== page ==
First developed by Tim Berners-Lee in 1990, HTML is short for HyperText Markup Language. HTML is used to create electronic documents (called pages) that are displayed on the World Wide Web. Each page contains a series of connections to other pages called hyperlinks. Every web page you see on the Internet is written using one version of HTML code or another.
HTML code ensures the proper formatting of text and images so that your Internet browser may display them as they are intended to look. Without HTML, a browser would not know how to display text as elements or load images or other elements. HTML also provides a basic structure of the page, upon which Cascading Style Sheets are overlaid to change its appearance. One could think of HTML as the bones (structure) of a web page, and CSS as its skin (appearance).
What does an HTML tag look like?
As seen above in the above example of an HTML tag there are not many components. Almost all HTML tags have an opening tag that contains the name with any attributes and a close tag that contains a forward slash and the name of the tag that is being closed. For tags that do not have a closing tag like the tag, it is best practice to end the tag with a forward slash.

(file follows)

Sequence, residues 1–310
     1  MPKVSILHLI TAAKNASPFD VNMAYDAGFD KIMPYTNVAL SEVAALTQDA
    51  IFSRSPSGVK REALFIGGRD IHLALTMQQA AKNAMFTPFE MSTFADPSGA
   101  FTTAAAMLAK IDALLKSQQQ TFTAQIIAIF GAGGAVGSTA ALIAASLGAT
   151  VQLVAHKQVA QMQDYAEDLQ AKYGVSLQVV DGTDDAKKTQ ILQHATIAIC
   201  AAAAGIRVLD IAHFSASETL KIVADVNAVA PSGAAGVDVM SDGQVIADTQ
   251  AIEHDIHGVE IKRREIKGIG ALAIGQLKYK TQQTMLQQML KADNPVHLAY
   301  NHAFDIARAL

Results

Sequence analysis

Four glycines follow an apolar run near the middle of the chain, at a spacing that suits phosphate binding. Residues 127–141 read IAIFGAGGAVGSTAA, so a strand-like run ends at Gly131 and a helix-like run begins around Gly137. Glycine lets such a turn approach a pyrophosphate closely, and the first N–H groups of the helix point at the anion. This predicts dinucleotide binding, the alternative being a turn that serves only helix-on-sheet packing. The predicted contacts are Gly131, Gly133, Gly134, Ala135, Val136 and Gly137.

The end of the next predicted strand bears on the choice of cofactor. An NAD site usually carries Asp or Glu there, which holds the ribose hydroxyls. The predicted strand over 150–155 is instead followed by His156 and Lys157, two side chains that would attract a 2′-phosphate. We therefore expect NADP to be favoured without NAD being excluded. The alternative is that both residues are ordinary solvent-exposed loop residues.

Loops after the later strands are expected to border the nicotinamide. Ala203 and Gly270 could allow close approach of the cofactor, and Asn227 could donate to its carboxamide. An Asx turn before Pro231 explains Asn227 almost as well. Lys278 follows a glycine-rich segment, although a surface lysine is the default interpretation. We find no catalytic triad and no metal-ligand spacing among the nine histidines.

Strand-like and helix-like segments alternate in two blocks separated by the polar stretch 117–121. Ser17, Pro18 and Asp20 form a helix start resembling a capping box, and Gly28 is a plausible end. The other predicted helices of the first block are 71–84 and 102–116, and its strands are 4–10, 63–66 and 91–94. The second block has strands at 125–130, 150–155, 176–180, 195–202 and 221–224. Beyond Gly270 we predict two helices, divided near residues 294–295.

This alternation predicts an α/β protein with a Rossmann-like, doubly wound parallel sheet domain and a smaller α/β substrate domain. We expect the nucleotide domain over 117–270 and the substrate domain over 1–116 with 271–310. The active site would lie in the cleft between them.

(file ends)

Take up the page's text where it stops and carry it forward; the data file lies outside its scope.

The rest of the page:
Each tag is contained within a less than and greater than angle brackets and everything between the opening and closing tag is displayed or affected by the tag. In the above example the tag is creating a link called “Computer Hope” that is pointing to the hope.html file.
What does HTML look like?
The following is an example of a basic web page written in HTML as well as a description of each section and its function.
<!DOCType HTML PUBLIC “-//W3C//DTD HTML 4.01 Transitional//EN” “http://www.w3.org/TR/html4/loose.dtd”>
<meta http-equiv=”Content-Type” content=”text/html; charset=windows-1252″>
<h1>This is a heading</h1>
<p>This is an example of a basic HTML page.</p>
The box above contains the key ingredients to a basic web page. The first line (DOCType) describes what version of HTML the page was written in so that an Internet browser can interpret the text that follows. Next, the HTML opening tag lets the browser know that it is reading HTML code. The HTML tag is followed by the head section which contains information about the page such as its title, meta tags, and where to locate the CSS file. The body section is all content that is viewable on the browser. For example, all the text you see here is contained within the body tags. Finally, closing tags wrap each element for proper syntax.